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4.8/5

Income Taxation Made Easy by Win Ballada , Susan Ballada (Editor)

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4.7/5

Income Tax Law and Practice 2014-15 9e 2014-2015 Edition-by Author Dr.Hariharan N (9th Edition,2014-2015) by N. Hariharan (Foreword)

Salient Features Comprehensive, Student friendly and Updated. New chapter on Assessment of Hindu Undivided Family (HUF). Numerous solved problems and unsolved exercises. Model of challahs and forms for practical understanding. Includes a section on formats containing important provisions to work out problems under different situations. Table of Contents 1. Introduction 2. Resident Salient Features Comprehensive, Student friendly and Updated. New chapter on Assessment of Hindu Undivided Family (HUF). Numerous solved problems and unsolved exercises. Model of challahs and forms for practical understanding. Includes a section on formats containing important provisions to work out problems under different situations. Table of Contents 1. Introduction 2. Residential Status and Incidence of Tax 3. Income from Salary 4. Income from House Property 5. Depreciation 6. Income from Business or Profession 7. Income from Capital Gains 8. Income from other sources 9. Deductions from Gross Total Income 10. Assessment of Individuals and Firms 11. Assessment of HUF (Hindu Undivided Family) 12. Set-off and Carry Forward, Clubbing and Aggregation of Income 13. Authorities and Assessment Procedures 14. Value Added Tax (VAT)

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3.3/5

The Patriot Threat by Steve Berry

The 16th Amendment to the Constitution is why Americans pay income taxes. But what if there were problems associated with that amendment? Secrets that call into question decades of tax collecting? In fact, there is a surprising truth to this hidden possibility. Cotton Malone, once a member of an elite intelligence division within the Justice Department known as the Magell The 16th Amendment to the Constitution is why Americans pay income taxes. But what if there were problems associated with that amendment? Secrets that call into question decades of tax collecting? In fact, there is a surprising truth to this hidden possibility. Cotton Malone, once a member of an elite intelligence division within the Justice Department known as the Magellan Billet, is now retired and owns an old bookshop in Denmark. But when his former-boss, Stephanie Nelle, asks him to track a rogue North Korean who may have acquired some top secret Treasury Department files—the kind that could bring the United States to its knees—Malone is vaulted into a harrowing twenty-four hour chase that begins on the canals in Venice and ends in the remote highlands of Croatia.With appearances by Franklin Roosevelt, Andrew Mellon, a curious painting that still hangs in the National Gallery of Art, and some eye-opening revelations from the $1 bill, this riveting, non-stop adventure is trademark Steve Berry—90% historical fact, 10% exciting speculation—a provocative thriller posing a dangerous question: What if the Federal income tax is illegal?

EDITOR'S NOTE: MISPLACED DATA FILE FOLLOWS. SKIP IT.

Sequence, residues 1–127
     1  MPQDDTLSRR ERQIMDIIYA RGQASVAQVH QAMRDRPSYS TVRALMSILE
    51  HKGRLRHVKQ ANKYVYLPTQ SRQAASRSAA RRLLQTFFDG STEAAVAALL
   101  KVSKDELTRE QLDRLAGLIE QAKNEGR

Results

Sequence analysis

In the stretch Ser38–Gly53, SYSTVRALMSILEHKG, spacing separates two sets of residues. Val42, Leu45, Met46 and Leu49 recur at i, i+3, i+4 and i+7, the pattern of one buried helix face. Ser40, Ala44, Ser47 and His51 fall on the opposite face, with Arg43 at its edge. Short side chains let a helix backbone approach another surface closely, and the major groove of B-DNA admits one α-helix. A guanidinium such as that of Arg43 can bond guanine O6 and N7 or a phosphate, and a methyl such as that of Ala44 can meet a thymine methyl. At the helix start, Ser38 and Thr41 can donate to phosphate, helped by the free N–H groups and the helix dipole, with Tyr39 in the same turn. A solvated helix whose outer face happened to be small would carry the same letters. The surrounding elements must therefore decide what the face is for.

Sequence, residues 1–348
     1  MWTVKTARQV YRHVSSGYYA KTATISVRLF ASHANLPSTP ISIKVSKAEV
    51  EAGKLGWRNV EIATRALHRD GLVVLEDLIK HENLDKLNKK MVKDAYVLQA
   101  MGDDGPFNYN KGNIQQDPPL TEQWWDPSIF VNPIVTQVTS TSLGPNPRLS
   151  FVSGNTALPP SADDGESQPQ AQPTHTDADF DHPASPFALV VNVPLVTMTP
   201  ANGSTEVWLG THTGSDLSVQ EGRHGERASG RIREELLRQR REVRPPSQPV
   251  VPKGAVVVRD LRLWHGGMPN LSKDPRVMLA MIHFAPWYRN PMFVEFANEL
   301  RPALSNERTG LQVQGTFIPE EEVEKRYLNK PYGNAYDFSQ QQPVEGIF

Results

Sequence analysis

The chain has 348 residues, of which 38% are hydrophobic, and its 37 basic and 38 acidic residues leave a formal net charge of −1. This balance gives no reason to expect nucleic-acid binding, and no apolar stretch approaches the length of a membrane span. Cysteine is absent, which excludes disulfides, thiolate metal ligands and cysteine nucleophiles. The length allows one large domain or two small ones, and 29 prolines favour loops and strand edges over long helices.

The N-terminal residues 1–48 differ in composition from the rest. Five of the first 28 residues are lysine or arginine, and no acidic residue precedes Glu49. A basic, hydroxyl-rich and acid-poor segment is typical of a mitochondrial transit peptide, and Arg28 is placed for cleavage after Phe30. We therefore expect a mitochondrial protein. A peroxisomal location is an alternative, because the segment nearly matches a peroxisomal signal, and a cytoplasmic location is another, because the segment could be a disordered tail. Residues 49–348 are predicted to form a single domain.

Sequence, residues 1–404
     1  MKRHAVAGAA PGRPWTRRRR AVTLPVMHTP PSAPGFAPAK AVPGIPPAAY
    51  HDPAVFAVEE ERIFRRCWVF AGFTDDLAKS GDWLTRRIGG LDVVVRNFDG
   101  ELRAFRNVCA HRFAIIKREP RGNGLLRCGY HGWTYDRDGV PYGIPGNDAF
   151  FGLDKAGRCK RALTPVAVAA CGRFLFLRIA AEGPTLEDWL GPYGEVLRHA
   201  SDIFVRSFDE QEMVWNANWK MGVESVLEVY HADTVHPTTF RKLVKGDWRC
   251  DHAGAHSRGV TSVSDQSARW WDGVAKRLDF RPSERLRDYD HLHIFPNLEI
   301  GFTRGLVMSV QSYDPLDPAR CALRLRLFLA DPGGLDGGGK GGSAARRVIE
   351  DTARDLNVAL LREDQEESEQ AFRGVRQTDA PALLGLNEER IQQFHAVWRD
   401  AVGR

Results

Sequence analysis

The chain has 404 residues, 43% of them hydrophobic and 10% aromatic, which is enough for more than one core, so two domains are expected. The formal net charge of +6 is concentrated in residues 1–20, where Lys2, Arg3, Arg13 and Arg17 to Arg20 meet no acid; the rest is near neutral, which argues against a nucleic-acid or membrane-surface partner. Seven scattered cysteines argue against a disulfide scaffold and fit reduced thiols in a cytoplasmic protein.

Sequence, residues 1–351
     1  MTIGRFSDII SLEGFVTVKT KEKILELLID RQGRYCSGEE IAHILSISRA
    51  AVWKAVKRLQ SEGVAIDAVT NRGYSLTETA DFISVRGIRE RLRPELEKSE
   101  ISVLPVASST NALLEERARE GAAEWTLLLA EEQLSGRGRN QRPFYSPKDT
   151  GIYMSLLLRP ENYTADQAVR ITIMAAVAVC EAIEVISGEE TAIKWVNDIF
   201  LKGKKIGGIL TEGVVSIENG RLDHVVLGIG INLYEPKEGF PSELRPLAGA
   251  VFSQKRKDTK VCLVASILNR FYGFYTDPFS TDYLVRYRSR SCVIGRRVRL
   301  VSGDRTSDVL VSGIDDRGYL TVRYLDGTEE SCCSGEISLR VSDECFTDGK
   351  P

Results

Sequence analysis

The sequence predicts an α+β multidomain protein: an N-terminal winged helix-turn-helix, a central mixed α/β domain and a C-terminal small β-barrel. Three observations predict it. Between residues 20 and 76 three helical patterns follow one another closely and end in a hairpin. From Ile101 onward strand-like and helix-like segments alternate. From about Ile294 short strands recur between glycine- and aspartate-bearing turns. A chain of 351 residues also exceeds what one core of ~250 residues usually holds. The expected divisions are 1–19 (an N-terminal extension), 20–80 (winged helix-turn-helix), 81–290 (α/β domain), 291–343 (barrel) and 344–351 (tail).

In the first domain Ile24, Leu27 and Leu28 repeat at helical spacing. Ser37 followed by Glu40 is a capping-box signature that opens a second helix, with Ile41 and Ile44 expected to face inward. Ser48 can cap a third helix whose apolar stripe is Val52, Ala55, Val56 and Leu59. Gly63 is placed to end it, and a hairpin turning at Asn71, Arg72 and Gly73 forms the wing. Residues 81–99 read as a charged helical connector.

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4.7/5

South-Western Federal Taxation 2012 by William H. Hoffman Jr. , James E. Smith , Eugene Willis